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In Lebanon and Iraq: Iran’s sway is opposed

Oct 29,2019 - Last updated at Oct 29,2019

Anti-government protests have returned to Iraq less than a month after demonstrations broke out across the country, and again unarmed civilians were targeted. At least 60 Iraqis were killed last weekend following the publication of a report that exonerated the government from the murder of no less than, 160 people during the mass protests that broke out earlier this month. Prime Minister Adel Abdel Mahdi promised a series of reforms back then, but little has changed and public mood remains tense amid accusations that Iranian-backed militias continue to target the protestors.

In Lebanon, anti-regime protests spread to Hizbollah-controlled cities and towns in the south in spite of stern warnings by Hassan Nassrallah, who rejected demands that the government be sacked and that early elections be held. Nassrallah went further to accuse the protestors of carrying out a foreign agenda and warned of a civil war in an attempt to intimidate a defiant public.

The contrasts between what is happening in Iraq and Lebanon are many and so are the similarities. Protestors in both countries are fed up with sectarian divisions, institutional corruption and poor public services. While Lebanon’s revolt has been largely peaceful and festive-like, Iraq’s has been bloody and violent. In both cases, the public is demanding the departure of a discredited political class. 

But one common denominator is the Iranian influence, if not hegemony, over domestic politics. In Lebanon, Hizbollah is not shy of its Iranian connections and overall dependence on Tehran’s financial and military backing. Over the past decade, Hizbollah has become the main power broker in Lebanon, and today it holds influence over the president, the cabinet and parliament. It has become a state within the state and a proxy of Iran, not only in Lebanon but in Syria, Iraq and Yemen as well.

By entering into alliances with President Michel Aoun and other parties and movements, Hizbollah has kept the sectarian-based political system alive. But in the process, it has allowed the state’s institutions to implode, resulting in mass corruption, cronyism, high unemployment, poverty and failing public services across Lebanon. Most of the ruling political class was busy looting the country, while citizens across sectarian and ethnic lines were left to suffer. Today, Lebanon’s disenfranchised youth have become the powerhouse for popular discontent. They are the ones who have challenged the dysfunctional system and taken to the streets.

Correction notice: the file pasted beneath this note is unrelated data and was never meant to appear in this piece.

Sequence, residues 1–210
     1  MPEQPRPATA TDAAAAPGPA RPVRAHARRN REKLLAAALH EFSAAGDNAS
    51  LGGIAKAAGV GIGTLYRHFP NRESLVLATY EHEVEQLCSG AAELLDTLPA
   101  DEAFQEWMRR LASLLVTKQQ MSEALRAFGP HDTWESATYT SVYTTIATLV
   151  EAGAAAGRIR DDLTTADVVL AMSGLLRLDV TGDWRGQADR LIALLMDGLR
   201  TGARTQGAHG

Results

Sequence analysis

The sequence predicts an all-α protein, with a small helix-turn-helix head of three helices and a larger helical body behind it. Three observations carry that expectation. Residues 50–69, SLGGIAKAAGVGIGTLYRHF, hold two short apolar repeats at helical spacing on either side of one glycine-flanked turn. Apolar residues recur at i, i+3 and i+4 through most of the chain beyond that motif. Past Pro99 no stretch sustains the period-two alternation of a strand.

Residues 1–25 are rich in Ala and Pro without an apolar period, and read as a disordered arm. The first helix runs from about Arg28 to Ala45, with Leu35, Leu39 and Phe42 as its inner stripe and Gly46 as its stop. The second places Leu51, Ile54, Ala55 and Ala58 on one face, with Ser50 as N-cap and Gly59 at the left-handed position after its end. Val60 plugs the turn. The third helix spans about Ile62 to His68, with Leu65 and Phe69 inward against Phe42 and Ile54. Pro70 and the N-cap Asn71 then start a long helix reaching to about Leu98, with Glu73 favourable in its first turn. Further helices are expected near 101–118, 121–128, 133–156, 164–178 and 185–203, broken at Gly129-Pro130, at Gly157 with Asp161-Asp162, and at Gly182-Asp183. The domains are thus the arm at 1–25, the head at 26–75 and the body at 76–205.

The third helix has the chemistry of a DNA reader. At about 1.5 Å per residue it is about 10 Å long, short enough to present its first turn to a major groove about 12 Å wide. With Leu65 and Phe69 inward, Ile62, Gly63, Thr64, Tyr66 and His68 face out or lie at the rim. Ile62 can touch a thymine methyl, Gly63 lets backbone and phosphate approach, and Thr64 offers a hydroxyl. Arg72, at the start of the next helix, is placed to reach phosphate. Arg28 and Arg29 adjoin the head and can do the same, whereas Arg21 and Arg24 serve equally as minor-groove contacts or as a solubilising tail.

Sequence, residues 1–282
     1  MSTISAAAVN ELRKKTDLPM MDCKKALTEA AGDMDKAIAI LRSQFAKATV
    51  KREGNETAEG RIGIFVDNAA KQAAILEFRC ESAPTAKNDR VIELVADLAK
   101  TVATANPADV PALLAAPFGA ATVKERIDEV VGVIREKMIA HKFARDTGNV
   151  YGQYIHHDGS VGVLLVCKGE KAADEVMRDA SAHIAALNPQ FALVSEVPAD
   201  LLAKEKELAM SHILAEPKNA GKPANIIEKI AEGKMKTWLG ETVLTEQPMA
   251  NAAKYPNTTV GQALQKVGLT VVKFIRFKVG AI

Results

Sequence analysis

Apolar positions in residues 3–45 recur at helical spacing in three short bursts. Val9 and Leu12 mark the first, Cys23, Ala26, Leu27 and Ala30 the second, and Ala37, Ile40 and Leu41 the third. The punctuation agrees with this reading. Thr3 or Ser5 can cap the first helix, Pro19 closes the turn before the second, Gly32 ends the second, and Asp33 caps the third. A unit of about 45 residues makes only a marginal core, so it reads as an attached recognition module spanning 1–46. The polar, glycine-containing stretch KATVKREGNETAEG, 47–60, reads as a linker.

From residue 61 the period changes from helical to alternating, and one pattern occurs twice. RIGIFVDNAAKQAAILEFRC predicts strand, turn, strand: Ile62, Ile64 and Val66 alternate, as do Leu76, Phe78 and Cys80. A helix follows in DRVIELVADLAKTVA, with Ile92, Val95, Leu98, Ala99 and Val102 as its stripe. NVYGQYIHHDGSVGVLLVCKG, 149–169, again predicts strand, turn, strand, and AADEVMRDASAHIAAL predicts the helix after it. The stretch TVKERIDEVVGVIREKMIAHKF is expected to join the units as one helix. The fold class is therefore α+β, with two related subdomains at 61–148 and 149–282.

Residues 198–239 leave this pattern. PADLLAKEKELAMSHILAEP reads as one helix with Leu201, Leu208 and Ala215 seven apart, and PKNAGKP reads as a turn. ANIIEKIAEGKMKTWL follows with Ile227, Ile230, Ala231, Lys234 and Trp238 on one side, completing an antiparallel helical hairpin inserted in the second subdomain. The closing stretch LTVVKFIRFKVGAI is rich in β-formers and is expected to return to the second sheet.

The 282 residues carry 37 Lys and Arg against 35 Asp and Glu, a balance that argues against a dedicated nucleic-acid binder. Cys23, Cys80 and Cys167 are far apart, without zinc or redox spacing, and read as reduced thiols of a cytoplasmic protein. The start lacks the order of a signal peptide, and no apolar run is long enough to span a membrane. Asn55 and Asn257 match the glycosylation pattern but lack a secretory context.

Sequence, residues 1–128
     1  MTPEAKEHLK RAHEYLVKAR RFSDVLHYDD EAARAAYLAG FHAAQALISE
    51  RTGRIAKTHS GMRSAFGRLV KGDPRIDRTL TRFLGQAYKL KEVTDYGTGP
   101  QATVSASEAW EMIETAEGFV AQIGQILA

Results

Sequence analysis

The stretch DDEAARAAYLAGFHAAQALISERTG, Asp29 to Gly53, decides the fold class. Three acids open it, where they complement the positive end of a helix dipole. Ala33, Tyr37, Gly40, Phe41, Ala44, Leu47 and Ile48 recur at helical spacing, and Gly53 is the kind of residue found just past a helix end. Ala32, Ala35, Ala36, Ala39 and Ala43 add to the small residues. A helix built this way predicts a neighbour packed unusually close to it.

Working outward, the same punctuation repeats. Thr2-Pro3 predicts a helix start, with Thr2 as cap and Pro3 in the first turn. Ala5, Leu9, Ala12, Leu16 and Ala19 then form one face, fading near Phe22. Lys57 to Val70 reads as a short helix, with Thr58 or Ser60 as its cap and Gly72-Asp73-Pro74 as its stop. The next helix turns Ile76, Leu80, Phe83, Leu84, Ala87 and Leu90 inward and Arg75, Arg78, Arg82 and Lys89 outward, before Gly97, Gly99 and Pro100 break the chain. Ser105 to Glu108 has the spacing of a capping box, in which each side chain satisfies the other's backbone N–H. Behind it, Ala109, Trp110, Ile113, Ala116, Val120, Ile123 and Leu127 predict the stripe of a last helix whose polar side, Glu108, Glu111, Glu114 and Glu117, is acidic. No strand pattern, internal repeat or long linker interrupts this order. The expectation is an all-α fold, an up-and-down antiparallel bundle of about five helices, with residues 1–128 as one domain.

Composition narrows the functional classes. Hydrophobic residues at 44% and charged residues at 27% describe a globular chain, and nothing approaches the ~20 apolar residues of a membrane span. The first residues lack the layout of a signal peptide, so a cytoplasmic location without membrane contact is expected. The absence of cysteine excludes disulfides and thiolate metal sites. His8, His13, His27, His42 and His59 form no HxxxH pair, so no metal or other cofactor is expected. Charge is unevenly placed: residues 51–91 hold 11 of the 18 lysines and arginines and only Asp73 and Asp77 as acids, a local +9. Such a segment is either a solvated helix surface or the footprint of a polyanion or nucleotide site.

Lebanon’s Shiite citizens have suffered under Hizbollah’s ironclad rule as well. Hundreds of the militia’s fighters have lost their lives in Syria defending a ruthless regime on behalf of Iran. While Hizbollah was beefing up its arsenal and spending millions in Syria, it neglected its Shiite followers, especially in Lebanon’s deprived south. Nassrallah’s miscalculation in July of 2006 resulted in a month-long war with Israel that killed more than 1,300 Lebanese, displaced over a million in southern Lebanon and severely damaged the country’s infrastructure.

It is no wonder that Hizbollah has been rattled by the ongoing mass protests that have spread to southern Lebanese towns. Giving in to public demands would disrupt the current political alliances and thus weaken the militia’s grip on the country. But Nassrallah’s options are limited. His goons have tried to intimidate protestors in Beirut, Tyre, Sidon and Nabatieh without success. 

The collapse of sectarianism would limit Hizbollah’s influence and by extension that of Iran. The fact that Iran is suffering under US sanctions has affected Hizbollah’s finances as well. Its ability to buy people’s loyalty has been curtailed.

In Iraq, Iran’s proxies present a major challenge to the sectarian based ethno-confessional system. Mass corruption, poverty, unemployment and lack of public services have driven people to the streets across the country, but especially in the Shiite-majority southern governorates. Anti-Iranian slogans echoed in Karbala, Najaf and Basra among others and the offices of pro-Iranian political parties were torched by protestors.

The Iran-backed Popular Mobilisation Forces (PMF), comprised of tens of armed Shiite militias, has targeted protestors in Baghdad and southern towns. As in Lebanon, Iran now faces a popular backlash against its deep and messy intervention in Iraq’s political system. Any attempt to reform that system would undercut Tehran’s sway in Iraq. Both in Lebanon and Iraq it is Iran and its proxies that oppose any change to the status quo.

The challenges facing Lebanon and Iraq are existential in nature. Abandoning a sectarian system that has benefitted the few and allowed a foreign power to manipulate it from within will not be easy. But people’s soft power will not be subdued by force. No one really knows how things will turn out in Lebanon and Iraq, but one thing is clear: The deep state in both countries is on the defensive and it will not give up the reins of power easily or without a fight. 

 

Osama Al Sharif is a journalist and political commentator based in Amman

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